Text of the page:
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Against the ‘Coercive Elimination of Dissent’

November 16, 2018
Wedding cakes at a bakery in West Hollywood, Calif., in 2008. (Mario Anzuoni/Reuters)

By: Jeremy Dys & Mike Berry, Deputy General Counsel

Another wedding-cake case, this time in Oregon, where the state has punished two bakers for their refusal to lend their services to a same-sex wedding.

Americans are grappling with how to integrate the political popularity of same-sex marriage with increasingly unpopular religious expression. “Popular religious views are easy enough to defend,” Justice Neil Gorsuch observed in his concurring opinion in Masterpiece Cakeshop, Ltd. v. Colorado Civil Rights Commission. “It is in protecting unpopular religious beliefs that we prove this country’s commitment to serving as a refuge for religious freedom.”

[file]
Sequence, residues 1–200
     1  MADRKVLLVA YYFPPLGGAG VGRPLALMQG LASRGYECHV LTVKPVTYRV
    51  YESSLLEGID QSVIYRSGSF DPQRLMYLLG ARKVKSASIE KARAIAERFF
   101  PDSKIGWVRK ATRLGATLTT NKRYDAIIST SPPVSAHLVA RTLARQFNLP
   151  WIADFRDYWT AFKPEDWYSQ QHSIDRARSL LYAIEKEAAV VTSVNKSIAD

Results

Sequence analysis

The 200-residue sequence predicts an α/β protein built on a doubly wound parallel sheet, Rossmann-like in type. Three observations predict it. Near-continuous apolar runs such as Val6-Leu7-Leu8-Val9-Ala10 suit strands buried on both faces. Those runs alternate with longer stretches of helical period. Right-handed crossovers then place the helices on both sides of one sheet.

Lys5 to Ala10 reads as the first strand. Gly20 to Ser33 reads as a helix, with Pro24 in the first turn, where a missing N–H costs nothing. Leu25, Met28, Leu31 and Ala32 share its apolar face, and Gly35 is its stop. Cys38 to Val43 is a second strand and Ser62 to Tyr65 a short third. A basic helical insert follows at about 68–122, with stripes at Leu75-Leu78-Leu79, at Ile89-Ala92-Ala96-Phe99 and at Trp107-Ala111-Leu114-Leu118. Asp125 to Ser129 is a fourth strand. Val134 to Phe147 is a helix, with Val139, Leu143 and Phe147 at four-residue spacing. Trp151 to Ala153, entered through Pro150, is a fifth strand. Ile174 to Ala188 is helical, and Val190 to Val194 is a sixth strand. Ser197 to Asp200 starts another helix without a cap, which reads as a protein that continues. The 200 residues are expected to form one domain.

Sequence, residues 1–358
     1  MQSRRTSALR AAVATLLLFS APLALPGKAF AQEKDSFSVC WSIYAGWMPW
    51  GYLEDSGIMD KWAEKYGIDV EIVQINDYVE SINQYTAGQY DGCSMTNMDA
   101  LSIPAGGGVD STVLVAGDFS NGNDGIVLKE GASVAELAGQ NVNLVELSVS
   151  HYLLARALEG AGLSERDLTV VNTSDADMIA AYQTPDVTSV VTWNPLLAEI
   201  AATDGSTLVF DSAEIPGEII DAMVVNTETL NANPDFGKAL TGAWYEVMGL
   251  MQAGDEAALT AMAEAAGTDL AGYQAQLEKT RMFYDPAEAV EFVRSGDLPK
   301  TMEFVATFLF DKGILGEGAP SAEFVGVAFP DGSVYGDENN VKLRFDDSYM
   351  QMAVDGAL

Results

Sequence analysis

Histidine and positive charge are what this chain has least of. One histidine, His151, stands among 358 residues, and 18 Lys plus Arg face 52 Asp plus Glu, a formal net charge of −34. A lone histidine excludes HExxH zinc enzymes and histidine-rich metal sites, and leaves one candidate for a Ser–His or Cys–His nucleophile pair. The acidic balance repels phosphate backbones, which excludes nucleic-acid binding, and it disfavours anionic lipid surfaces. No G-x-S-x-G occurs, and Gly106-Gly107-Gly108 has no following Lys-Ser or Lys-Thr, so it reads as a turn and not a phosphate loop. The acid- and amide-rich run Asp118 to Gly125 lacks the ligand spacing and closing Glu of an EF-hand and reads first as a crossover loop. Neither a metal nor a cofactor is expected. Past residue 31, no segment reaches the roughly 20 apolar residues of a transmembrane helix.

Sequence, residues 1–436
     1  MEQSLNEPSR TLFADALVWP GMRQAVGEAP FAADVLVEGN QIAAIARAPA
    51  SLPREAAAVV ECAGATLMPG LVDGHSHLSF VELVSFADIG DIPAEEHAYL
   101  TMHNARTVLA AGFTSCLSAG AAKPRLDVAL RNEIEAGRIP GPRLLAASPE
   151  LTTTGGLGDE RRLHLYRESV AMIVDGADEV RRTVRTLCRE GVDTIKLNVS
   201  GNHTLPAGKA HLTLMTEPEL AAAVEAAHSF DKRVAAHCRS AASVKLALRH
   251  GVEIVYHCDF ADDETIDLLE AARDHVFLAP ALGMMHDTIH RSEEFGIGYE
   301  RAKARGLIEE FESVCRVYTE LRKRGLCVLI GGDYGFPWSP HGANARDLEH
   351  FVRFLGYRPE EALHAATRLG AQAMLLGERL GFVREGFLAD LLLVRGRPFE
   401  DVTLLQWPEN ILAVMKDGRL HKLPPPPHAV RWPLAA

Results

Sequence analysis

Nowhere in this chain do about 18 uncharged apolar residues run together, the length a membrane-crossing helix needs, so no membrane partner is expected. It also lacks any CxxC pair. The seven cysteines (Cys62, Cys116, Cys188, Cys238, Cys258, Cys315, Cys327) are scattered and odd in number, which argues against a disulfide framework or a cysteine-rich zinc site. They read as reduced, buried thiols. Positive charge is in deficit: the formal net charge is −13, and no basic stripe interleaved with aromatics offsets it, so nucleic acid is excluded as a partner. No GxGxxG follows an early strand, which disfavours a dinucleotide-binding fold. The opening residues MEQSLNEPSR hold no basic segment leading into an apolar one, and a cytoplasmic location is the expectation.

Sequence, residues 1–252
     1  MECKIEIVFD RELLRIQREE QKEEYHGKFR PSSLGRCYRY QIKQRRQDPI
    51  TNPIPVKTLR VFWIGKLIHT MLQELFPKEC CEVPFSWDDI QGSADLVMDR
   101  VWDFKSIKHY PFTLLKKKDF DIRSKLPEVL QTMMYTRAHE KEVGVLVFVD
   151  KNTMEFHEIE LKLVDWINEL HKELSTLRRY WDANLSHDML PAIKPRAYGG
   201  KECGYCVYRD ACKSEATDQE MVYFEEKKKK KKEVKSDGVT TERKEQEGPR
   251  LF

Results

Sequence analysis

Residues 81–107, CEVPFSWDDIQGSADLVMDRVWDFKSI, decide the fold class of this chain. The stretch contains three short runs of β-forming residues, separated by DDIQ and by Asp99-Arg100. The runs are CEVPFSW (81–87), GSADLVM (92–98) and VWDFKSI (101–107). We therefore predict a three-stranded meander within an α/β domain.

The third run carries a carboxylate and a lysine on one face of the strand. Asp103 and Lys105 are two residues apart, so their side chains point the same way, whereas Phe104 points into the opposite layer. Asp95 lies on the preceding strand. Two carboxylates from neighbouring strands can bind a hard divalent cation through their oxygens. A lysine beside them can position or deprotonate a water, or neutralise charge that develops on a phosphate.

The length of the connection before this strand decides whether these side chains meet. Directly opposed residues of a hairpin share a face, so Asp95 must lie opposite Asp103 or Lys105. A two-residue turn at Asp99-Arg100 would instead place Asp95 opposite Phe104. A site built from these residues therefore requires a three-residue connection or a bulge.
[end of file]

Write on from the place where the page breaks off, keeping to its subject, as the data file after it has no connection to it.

This isn’t the first popularity contest our country has witnessed. An example from our mid-century experience provides a valuable lesson on this latest challenge to free speech. In 1935, a Pennsylvania public high school expelled Lillian and William Gobitis for refusing to salute the flag. In 1940, eight of the nine justices of the United States Supreme Court upheld their expulsion as necessary to national unity as “the basis for national security.”

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